Occupy groups rally at West Coast ports

The San Francisco-Oakland Bay Bridge is seen in the background as protesters block one of the entrances to the Port of Oakland, Monday, Dec. 12, 2011, in Oakland, Calif. Anti-Wall Street protesters along the West Coast joined an effort Monday to blockade some of the nation's busiest docks. AP Photo/Beck Diefenbach

Last Update 2:25 p.m. ET

OAKLAND, Calif. - Crowds of anti-Wall Street protesters stopped truck traffic Monday at two busy Port of Oakland gates as the movement converged on West Coast ports.

Several hundred people began picketing at the Port of Oakland before dawn and blocked at least two entrances. A long line of big rigs sat outside the gates, unable to drive into the port.

Police in riot gear monitored the scene as protesters marched in an oval and carried signs with messages such as "Labor and Occupy Unite," an invitation to the powerful dockworkers union join their push against corporate greed.

No major clashes with police were reported.

Longshoremen arriving for the morning shift at the two affected port terminals did not try to enter due to what union officials said were safety concerns. Some said they weren't willing to cross the demonstrators' picket lines.

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Port spokesman Isaac Kos-Read said the protests were causing sporadic disruptions but all port terminals remained in operation.

The actions were part of a coordinated effort by the Occupy Wall Street movement to shut down major ports along the West Coast and cut into corporate profits.

The protesters are targeting the locations because they believe American ports have become "economic engines for the elite." They are most upset by two West Coast companies - giant West Coast port operator SSA Marine and grain exporter EGT - that they believe epitomize the big corporations that make up the "1 percent."

Goldman Sachs owns a major stake in SSA Marine, and the bank has been a repeated target of Occupy protesters since the movement began. The two port companies have also engaged in high-profile clashes with union workers lately, and the Occupy protesters want to stand up for the workers.

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At the port in Longview, Wash., longshoremen have gone home for the day, essentially shutting down the terminal. ILWU spokeswoman Jennifer Sargent said the union sent their workers home out of concerns for their "health and safety."

Port of Longview spokesman Ashley Helenberg said the decision to shut down operations was made by both the port and the union. She said about 20 shifts were affected. The port had one vessel to work on Monday.

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Oakland port spokesman Robert Bernardo reported some disruptions to truck traffic but that maritime operations continue there.

Port and city officials and International Longshore and Warehouse Union leaders have criticized the plan, saying that the action will hurt port workers.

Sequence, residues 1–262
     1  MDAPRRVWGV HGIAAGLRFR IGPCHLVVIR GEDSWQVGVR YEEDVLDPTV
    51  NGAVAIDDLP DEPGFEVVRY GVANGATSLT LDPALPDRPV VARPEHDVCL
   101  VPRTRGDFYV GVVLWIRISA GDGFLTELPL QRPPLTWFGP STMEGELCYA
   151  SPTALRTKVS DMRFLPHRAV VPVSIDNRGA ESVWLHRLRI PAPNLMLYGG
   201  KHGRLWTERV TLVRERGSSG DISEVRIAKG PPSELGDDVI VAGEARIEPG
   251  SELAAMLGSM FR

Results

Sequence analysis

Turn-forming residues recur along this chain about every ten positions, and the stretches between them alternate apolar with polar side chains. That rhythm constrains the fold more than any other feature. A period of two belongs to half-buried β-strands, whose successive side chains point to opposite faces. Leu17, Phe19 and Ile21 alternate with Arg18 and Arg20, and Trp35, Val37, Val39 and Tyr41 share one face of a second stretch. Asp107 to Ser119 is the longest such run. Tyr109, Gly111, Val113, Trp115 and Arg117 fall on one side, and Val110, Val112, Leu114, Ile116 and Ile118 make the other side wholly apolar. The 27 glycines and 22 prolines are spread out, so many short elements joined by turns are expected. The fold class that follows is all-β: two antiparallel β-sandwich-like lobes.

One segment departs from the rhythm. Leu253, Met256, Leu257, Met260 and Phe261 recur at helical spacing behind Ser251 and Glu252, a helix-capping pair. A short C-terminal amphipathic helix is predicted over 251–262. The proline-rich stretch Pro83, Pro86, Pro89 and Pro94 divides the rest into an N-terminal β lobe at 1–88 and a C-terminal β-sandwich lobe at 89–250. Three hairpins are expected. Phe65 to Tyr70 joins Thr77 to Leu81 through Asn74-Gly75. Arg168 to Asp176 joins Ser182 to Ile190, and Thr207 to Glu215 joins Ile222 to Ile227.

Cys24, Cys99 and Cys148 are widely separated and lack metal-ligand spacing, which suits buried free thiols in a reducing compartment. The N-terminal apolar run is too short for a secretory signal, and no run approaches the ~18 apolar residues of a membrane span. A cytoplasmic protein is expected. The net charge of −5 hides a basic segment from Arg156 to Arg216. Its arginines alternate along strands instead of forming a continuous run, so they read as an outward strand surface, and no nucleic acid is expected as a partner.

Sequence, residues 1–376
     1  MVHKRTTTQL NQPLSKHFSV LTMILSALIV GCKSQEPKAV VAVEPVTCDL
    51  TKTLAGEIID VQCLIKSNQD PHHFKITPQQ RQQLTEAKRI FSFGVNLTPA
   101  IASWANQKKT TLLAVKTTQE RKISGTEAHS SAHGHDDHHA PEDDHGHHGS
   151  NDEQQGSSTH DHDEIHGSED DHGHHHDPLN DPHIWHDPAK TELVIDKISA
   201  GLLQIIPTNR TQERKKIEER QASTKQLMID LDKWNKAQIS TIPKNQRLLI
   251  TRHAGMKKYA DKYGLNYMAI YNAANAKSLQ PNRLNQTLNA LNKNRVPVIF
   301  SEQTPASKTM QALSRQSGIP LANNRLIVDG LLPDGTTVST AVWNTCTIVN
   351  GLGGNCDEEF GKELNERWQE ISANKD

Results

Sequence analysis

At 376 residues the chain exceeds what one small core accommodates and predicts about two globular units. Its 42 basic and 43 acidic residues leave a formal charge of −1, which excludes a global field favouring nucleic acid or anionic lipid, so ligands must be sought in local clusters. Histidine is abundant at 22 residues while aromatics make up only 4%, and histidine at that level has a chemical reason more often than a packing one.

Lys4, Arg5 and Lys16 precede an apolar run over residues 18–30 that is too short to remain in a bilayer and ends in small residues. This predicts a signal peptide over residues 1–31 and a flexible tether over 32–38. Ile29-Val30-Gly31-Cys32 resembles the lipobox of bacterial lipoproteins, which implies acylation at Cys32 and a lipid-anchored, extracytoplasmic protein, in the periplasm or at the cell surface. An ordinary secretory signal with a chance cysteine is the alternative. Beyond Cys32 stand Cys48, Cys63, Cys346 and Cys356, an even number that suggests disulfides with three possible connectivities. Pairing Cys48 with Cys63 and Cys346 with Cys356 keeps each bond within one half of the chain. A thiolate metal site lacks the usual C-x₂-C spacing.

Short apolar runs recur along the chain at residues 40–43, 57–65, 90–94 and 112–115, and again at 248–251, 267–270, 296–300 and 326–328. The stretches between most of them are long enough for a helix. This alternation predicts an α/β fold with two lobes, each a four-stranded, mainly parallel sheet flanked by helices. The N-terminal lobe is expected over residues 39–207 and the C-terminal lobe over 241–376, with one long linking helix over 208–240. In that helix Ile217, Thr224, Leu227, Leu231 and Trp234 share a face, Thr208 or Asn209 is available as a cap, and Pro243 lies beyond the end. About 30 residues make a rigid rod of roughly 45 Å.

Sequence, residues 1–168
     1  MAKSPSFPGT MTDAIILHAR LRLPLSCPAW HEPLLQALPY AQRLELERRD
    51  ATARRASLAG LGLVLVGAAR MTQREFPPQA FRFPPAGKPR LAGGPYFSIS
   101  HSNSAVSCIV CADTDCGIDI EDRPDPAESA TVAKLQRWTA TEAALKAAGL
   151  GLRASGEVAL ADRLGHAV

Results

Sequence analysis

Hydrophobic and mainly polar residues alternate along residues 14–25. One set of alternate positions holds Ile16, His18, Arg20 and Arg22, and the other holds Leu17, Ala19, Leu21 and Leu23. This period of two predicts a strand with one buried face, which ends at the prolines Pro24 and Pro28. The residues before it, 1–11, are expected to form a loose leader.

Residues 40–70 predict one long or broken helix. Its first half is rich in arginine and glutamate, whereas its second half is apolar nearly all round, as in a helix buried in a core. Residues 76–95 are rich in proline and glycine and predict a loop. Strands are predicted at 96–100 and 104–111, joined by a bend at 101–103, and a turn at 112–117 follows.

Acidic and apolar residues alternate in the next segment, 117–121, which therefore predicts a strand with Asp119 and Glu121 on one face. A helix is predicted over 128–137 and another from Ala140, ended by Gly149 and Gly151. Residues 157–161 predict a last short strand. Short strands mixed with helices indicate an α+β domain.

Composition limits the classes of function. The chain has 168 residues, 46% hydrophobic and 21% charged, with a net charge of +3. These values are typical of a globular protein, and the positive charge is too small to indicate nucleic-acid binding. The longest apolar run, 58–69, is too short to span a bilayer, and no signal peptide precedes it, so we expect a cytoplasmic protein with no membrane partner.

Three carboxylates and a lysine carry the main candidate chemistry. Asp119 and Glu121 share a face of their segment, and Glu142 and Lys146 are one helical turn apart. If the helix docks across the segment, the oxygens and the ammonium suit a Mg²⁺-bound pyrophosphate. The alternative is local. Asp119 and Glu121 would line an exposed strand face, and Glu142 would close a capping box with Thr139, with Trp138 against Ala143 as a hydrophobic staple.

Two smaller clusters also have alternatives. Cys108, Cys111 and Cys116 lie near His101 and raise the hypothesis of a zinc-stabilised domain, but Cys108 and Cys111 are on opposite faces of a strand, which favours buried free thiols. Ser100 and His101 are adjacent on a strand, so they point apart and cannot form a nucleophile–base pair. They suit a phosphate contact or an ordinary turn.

The action is part of a coordinated Occupy shutdown of West Coast ports. Organizers said the shutdown is, in part, to show support for dockworkers embroiled in a labor dispute in Washington.

But the International Longshore and Warehouse Union's president said the union has not voted to support the shutdown.

"Support is one thing; organization from outside groups attempting to co-opt our struggle in order to advance a broader agenda is quite another," said ILWU president Robert McEllrath.

Oakland Mayor Jean Quan said, "The port has asked us to keep it open. We're going to try to do our best to keep it open. As the mayor of the city, I'd ask people, 'Why are you doing this?'"

"A lot of the union leaders at the port and the commissioners are asking the community to really think if this will help the 99 percent," Quan said. "The port could potentially lose business."

Responding to charges that the blockade will hurt workers, one protester marching to the port Monday morning told CBS Station KPIX, "Business is how we're being exploited. If we don't shut it down, how do you expect us to change anything?"

One ILWU member, Clarence Thomas, told KPIX, "If it were not for labor and working people, we would not have the 8-hour work day; children would still be exploited," "We would not have health care benefits. And the only way we got that was through struggle."

Occupy Oakland previously shut down the Port of Oakland overnight during a daylong "general strike" action on Nov. 2.

Today's action has been endorsed by Occupy movements from Anchorage to San Diego, with each city planning a shutdown of its own.

In Southern California, as many as 400 demonstrators marched on the Port of Long Beach, to a dock facility owned by SSA Marine. Beating drums and waving flags, dozens of protesters, gathered outside a fenced area at the port, part of a sprawling complex that spans parts of Los Angeles and Long Beach.

Several union and non-union workers told CBS Station KCBS they will treat the march as a picket line.

Police repeatedly warned that they faced arrest if they crossed the fenced area. Officers later started pushing the protesters further back. They spilled into the street, blocking access to the pier and holding up truck traffic. At least one person was taken into custody.

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